Characteristics Of Families And How We

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This chapter addressed the different characteristics of families and how we, as teachers, can support these families.
Some of these characteristics involve size and form, cultural background, socioeconomic level, location.
Furthermore, each member of the family has their individual characteristics, relating to their exceptionality, coping styles, and health status.
Lastly, numerous families face challenges such as economic hardships, addictions, abuse and neglect, exposure to violence, imprisonment, illness, teenage parenting, and parenting with a disability.
Families share many aspects, but teachers must keep in mind that each member is a unique individual. Their size and forms, cultural backgrounds, socioeconomic levels, and geographic location and individual characteristics each present unique challenges.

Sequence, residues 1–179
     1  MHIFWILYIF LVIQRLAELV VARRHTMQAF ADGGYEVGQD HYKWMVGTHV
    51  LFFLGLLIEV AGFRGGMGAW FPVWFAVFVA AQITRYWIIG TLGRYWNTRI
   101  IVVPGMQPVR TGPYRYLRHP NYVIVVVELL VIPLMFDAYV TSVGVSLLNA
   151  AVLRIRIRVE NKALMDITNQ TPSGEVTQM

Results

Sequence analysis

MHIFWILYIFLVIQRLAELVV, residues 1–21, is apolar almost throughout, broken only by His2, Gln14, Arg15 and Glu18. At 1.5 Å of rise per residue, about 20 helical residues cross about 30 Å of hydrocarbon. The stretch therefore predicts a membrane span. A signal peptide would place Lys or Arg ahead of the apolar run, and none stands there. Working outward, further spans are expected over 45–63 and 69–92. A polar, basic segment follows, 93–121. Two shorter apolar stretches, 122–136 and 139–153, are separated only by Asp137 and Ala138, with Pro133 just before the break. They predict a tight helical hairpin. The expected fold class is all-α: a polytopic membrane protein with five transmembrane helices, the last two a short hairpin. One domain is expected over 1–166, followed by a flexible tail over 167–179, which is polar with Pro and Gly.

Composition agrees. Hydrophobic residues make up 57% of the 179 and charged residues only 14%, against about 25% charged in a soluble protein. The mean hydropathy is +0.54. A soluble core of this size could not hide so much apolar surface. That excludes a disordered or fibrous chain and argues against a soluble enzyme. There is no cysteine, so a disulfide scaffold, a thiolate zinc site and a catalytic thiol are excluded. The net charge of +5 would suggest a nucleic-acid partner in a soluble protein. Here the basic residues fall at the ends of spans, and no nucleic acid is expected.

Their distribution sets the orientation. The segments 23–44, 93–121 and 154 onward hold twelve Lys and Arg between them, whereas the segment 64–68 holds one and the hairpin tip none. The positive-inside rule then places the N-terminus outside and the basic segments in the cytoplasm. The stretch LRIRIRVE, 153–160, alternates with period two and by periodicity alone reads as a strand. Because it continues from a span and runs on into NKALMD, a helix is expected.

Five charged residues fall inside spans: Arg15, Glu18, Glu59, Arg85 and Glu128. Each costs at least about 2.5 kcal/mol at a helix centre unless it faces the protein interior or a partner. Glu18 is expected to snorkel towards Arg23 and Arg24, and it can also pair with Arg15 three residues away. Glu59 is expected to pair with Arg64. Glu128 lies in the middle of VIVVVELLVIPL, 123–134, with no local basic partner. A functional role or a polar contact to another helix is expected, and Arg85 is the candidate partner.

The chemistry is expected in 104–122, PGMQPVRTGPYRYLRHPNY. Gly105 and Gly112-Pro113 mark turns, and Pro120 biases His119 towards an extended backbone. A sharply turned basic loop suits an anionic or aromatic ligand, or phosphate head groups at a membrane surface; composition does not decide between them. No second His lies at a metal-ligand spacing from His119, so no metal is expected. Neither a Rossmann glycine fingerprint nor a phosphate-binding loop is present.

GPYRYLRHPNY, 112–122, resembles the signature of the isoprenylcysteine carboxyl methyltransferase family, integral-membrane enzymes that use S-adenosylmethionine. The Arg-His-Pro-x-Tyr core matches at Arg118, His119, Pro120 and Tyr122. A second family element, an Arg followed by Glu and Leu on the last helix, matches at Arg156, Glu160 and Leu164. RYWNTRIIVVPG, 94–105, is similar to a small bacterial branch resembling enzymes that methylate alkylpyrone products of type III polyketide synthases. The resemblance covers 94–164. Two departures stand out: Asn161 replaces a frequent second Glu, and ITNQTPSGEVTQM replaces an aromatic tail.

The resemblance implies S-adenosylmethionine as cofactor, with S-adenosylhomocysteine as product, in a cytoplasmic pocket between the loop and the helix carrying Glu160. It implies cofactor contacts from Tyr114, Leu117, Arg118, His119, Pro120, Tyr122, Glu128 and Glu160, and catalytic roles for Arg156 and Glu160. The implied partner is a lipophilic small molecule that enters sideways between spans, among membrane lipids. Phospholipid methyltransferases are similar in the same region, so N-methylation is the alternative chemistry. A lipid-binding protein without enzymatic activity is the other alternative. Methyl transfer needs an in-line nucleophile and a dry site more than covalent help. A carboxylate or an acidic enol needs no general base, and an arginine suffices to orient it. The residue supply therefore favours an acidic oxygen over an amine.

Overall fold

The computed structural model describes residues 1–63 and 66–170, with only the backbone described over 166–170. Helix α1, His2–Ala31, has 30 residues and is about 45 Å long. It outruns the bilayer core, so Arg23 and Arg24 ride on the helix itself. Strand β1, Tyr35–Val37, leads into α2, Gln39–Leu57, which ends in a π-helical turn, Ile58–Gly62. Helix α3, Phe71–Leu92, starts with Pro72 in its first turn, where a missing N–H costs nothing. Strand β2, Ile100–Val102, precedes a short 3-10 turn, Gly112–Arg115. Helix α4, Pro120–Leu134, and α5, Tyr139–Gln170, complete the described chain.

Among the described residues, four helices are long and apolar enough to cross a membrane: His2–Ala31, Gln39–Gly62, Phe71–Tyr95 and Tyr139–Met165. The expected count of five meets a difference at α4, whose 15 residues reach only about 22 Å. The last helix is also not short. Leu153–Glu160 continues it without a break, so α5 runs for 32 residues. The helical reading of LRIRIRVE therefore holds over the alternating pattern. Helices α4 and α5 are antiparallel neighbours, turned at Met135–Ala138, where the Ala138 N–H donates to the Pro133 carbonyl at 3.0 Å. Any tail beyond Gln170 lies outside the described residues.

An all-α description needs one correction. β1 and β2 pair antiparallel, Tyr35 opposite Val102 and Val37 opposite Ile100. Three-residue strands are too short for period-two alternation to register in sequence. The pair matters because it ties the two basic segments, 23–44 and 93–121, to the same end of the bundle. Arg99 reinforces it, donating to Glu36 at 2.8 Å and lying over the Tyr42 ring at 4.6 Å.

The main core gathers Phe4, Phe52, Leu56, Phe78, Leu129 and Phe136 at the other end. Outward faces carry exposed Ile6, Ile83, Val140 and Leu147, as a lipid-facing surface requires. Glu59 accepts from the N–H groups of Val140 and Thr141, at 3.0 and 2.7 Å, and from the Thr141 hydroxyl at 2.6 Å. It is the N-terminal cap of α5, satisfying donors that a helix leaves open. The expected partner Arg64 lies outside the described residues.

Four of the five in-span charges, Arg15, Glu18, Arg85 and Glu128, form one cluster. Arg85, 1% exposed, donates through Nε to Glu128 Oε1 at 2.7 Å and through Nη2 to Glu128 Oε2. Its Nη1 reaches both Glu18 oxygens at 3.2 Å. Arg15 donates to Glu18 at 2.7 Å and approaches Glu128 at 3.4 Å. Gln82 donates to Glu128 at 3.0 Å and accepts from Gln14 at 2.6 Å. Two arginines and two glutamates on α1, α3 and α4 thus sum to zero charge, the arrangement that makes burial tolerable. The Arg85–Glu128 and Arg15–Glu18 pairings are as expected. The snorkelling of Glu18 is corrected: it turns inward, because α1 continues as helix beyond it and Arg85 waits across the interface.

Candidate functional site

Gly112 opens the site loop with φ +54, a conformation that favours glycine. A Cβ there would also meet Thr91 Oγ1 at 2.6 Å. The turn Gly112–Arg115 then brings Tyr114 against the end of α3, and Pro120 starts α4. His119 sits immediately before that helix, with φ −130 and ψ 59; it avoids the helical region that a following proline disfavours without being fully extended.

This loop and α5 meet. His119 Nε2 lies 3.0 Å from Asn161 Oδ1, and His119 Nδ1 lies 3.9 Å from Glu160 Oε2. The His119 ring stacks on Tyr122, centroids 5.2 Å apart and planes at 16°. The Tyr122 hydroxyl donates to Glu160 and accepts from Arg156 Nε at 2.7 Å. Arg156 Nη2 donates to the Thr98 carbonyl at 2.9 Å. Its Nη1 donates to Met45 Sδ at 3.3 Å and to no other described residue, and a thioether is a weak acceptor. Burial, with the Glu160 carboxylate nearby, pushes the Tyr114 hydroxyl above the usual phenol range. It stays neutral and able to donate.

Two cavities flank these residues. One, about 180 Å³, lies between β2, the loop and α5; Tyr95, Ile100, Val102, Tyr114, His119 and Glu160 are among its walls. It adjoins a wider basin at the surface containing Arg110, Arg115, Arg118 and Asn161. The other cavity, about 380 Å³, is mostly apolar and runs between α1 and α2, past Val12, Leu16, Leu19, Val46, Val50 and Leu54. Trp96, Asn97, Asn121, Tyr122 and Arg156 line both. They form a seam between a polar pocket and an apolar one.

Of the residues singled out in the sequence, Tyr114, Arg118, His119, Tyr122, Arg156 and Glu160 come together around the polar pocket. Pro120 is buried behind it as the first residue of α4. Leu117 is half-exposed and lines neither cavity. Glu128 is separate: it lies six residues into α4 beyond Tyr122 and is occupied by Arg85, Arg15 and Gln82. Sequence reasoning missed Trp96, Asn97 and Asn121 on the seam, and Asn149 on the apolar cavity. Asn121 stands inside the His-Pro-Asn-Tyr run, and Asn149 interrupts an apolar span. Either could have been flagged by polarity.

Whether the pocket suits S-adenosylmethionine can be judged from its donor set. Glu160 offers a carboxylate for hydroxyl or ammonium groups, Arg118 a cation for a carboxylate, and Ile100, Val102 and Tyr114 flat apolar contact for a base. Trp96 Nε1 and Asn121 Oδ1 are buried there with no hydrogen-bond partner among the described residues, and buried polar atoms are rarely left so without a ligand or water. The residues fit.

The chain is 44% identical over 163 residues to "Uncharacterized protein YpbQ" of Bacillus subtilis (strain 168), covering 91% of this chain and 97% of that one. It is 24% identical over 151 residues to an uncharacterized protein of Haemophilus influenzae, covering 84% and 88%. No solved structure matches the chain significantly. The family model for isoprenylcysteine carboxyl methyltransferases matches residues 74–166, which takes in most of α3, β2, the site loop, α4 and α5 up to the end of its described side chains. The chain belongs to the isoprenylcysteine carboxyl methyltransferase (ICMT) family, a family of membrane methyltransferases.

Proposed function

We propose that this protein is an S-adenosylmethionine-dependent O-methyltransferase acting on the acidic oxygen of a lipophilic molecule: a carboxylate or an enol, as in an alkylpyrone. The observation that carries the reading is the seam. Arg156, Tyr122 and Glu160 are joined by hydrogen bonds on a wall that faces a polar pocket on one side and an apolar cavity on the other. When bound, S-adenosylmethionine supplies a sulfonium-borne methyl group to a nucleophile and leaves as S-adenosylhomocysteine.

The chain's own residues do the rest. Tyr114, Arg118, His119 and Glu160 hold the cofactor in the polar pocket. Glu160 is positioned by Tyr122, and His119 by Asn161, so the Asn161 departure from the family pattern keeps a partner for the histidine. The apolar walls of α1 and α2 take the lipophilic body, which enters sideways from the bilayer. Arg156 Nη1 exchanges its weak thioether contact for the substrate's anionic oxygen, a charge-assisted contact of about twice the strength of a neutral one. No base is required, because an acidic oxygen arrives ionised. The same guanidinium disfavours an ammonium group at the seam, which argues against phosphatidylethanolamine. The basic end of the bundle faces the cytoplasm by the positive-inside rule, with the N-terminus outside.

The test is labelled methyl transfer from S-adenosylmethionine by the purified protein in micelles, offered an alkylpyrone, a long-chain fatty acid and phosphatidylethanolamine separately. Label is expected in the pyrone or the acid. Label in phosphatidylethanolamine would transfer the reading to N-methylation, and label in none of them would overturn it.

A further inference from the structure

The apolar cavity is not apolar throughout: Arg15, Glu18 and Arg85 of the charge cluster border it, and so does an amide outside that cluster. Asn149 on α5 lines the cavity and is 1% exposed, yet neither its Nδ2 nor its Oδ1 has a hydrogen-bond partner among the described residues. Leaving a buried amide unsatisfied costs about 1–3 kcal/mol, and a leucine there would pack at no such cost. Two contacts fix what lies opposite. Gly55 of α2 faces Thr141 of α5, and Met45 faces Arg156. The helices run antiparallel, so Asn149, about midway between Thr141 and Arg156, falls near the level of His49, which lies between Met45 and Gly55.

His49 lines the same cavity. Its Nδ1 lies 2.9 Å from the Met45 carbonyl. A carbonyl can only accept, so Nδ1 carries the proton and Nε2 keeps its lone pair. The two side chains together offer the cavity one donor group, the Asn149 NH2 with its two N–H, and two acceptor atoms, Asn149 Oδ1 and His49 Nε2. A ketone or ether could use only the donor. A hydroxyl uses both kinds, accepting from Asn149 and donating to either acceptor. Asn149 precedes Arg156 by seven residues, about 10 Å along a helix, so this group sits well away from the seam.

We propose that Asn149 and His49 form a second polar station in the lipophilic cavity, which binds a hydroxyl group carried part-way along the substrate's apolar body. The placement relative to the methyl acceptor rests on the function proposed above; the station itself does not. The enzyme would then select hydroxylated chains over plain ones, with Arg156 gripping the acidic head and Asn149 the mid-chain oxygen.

The idea of what constitutes a family is subjective. While some might define family as two or more people related to one another cohabitating, others might take a broader stance. For some cultures, people who are close, and not necessarily related, may consider one another family.
Families are all connected, what effects one effects them all. The degree of which the various members are effected depend on their closeness.
Families come in all shapes and sizes, and can change over time. Many children in the United States live only with one parent, or even with neither, rather residing with a foster family.
These differences can cause potential issues, as different
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